SportsNet - July 2012
It seems that yet again there is farce at the Olympics football tournament. Having already offended the North Korean football team by showing the wrong flag and then by stating that Joe Allen was English when he is Welsh is it really surprising that we now have London media driven hysteria over who sings the national anthem?
Welsh and particularly, Scottish players of both sexes have refused to sing the national anthem. They see it as the English national anthem, therefore they do not sing it. That should be their choice. However, at the moment, there seems to be an air of malevolence whenever anyone so much as criticises the Olympics. Take Mr Romneys innocent reply to a reporter about all the cock ups with the security firm G4s. All of a sudden we have Boris Johnson stirring up a fervent crowd of Londoners into a fury in some kind of perceived snub! All it needed was Alf Garnett to add a torrent of bigotted abuse to finish ot off!
After taking a season-long break from the National Football League, wide receiver Randy Moss is back with the San Francisco 49ers. But he's now 35 and in the twilight of his career. The bright side of that is that he's on one of the best teams in the league. The down side of that is that Alex Smith, who isn't exactly an elite quarterback, will be throwing to him. But realistically, we should expect Moss to be the dominant receiver he's still capable of being. What exeactly should we expect? How will he compare to other greats before him at similar points in their careers? Just keep this phrase in mind: Cash, homie. Cash.
All-Pro safety Ed Reed was present at the Baltimore Ravens' Under Armour Performance Center for the first day of training camp. Reed was a no call, no show for mandatory minicamp, and during the offseason, he repeatedly made public statements suggesting a dubious attitude towards returning to football this season.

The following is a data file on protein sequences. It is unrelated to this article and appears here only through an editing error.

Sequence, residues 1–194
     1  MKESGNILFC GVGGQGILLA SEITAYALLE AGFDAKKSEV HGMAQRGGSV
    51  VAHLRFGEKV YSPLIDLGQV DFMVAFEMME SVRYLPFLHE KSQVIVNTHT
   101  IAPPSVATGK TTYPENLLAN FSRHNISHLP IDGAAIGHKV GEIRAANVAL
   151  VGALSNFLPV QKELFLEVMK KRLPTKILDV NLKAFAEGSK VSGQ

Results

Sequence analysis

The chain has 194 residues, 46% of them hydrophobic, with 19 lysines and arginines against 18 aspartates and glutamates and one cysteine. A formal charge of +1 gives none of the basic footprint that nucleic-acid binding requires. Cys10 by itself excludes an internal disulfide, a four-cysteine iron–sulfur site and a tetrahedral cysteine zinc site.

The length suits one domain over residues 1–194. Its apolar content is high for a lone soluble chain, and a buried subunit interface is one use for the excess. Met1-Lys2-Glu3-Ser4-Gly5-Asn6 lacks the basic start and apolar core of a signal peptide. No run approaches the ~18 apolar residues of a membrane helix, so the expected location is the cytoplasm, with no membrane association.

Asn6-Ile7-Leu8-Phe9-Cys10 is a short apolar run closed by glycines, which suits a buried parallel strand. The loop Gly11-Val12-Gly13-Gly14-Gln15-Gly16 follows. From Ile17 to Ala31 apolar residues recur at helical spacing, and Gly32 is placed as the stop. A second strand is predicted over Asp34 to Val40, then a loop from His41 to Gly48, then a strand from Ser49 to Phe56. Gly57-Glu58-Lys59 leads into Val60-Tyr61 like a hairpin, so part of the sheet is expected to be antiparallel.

Over his ten years in Baltimore, Reed has inspired awe in fans with his uncanny ability to make game changing defensive plays. At the same time he has elicited frustration, largely due to his annual talk of retirement and his tendency to publicly criticize team management. When cornerback Lardarius Webb received a six-year $50 million contract, Reed voiced his displeasure with his own contract and made it clear he felt disrespected by the Ravens brass.
Will the New York Jets be the NFL team that finally realizes that Tim Tebow possesses a running style that gives him a specific football skill that is superior to every other player in the sport? When most quarterbacks run with the football, they usually prefer a shifty style that allows them to avoid contact. Tebow, however, is different. His straight-ahead style is more like a fullback in that he attempts to run over opposing defenders.
This, combined with his ability to throw, makes him the most dangerous player in football in short-yardage situations. I became aware of this ability during the 2006 Florida-Florida State game, when Florida coach Urban Meyer inserted the true freshman Tebow into the game nearly every time the Gators needed a single yard. It worked numerous times on that day and played a big role in wearing down a strong Seminole defense in a 21-14 Gator victory. From the stands of Doak Campbell Stadium, I realized that Tebow would always have a place in the pros as a short-yardage specialist.
NFC North Preview: Weaknesses for Chicago Bears, Detroit Lions, Green Bay Packers and Minnesota Vikings
The NFC North is blighted by some of the softest pass defense in the NFL. The Green Bay Packers took division with a 15-1 record last season, despite ranking last in the league against the pass.
Here are the major weaknesses troubling the NFC North heading into the 2012 NFL season:
Chicago Bears: Offensive Line
Although the Chicago Bears ranked 28th in pass defense last season, count on their Tampa-2 scheme to tighten things up in 2012. The Bears' real weakness is the play of their offensive line.
Chicago's front five surrendered 49 sacks last season, after giving up 56 in 2010. Quite how those numbers recommended line coach Mike Tice for a promotion to offensive coordinator, is anybody's guess.
The Bears have some talent at the skill positions, particularly running back Matt Forte. They traded for wide receiver Brandon Marshall and added another tall flanker in the draft, with the selection of Alshon Jeffery.
However, all of those weapons will be rendered moot, if the Bears don't perform better up front.
Detroit Lions: Secondary